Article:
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might have small lot and cheap electrical unit would be adequate. I have a Troy-bilt for bulk of lot but bought an el-cheapo Weed Eater for front where wife likes these solar lanterns and Troy-bilt will tear out of ground. My advice for small home is small, electric unit. Frank
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wrote:

I went to our local Home Depot and they carry a few Echo models. They had a GT-200R, a SRM-210 and a SRM-230. The two SRM models seemed rather heavy. I have alot of neck trouble, so I'm a little worried the weight will aggravate it.
What is the advantages of the straight shaft models compared to the GT-200R which had a curved shaft and seemed much smaller?
I also went to a smaller local store which repairs equipment as well as selling new models. It looked like most of their models were by Stihl. I was looking at the FS 45 C-E and FS 46 C-E models. The shop was very busy at the time, so I couldn't get time to speak with a salesperson. How does the Stihl and Echo models compare as far as quality and reliability go? I like to support the smaller places that provide repairs if things are fairly equal.
Thanks again for the help.
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(<snip>)

Stihl is excellent - perhaps a bit superior to Echo - based on working on them. However, they are more expensive than Echo, and I personally don't see they are worth the difference.
Curved shafs are much more difficult to maintain - I thought I covered that.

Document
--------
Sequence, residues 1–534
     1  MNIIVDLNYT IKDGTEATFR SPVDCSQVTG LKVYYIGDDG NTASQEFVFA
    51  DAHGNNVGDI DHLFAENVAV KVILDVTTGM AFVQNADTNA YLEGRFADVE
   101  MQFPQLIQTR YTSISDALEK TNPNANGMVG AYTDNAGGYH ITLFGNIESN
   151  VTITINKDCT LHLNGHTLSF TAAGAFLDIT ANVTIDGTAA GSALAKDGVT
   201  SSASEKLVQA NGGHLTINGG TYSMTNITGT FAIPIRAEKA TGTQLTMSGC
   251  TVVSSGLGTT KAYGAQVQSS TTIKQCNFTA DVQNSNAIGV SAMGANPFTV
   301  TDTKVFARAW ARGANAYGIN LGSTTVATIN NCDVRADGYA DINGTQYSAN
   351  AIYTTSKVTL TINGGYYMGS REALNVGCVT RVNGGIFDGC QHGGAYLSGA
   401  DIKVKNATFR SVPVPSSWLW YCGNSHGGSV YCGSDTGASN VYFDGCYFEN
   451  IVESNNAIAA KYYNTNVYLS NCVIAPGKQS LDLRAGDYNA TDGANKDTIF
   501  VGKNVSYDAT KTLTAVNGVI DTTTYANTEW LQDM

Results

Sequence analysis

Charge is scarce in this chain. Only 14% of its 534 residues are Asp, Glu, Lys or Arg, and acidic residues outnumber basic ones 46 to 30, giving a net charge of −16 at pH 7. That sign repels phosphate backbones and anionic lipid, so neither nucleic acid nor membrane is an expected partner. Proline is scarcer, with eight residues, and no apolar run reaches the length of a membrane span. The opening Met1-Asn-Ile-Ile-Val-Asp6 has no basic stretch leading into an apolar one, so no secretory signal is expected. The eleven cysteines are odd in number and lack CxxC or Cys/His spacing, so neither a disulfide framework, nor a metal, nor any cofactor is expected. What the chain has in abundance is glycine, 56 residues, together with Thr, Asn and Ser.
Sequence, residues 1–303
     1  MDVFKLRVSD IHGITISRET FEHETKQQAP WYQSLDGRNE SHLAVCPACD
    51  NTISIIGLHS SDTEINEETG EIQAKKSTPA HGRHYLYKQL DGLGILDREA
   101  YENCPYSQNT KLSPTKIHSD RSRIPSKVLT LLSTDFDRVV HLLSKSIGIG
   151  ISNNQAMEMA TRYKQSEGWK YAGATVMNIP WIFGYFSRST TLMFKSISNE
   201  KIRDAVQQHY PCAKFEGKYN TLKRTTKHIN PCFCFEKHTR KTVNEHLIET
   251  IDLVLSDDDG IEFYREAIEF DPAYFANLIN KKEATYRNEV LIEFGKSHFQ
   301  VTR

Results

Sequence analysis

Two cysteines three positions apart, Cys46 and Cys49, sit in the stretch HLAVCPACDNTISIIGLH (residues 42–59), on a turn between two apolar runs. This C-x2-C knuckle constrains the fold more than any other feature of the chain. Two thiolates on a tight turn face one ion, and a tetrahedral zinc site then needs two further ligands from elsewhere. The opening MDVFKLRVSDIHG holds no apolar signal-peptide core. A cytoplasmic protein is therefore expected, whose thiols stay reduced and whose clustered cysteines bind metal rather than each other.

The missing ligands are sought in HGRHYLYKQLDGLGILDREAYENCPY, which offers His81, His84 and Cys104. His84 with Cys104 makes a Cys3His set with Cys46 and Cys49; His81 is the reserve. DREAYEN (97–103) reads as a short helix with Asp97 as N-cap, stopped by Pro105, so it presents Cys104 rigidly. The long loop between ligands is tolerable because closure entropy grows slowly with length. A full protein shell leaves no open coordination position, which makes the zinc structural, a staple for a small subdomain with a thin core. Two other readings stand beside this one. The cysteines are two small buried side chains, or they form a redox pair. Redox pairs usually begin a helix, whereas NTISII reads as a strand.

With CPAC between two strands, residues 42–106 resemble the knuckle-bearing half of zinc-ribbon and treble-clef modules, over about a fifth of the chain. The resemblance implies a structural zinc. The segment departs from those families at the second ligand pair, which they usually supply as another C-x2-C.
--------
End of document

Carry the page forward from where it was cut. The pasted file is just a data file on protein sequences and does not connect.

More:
Bob-tx
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Also, from a use standpoint, most curved shafts don't have a clutch so even when at idle speed, the trimmer head still turns. On a Stihl or Echo, there is a clutch so when at idle speed, the trimmer head does not turn.
Bob-tx
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The gas powered unit I saw yesterday required 0.115 inch string. That's pretty hefty. And it didn't go on a roll. It was installed as about an 18 inch section. Wierd.
wrote:

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I have a Stehil with a 2 string head that is automatic feed. You put 24 ft of stirng on it and it just keeps putting out string till empty. I also have a small tiller head for it that works great. Been using it for 12 years and I mean a lot and it still working great.
From Mel & Donnie in Bluebird Valley
http://community.webtv.net/MelKelly/TheKids
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Except for a few that use exclusive string methods, makes no sense. The remainder all use the same string technology.
Homes seldom require trimming, yards may.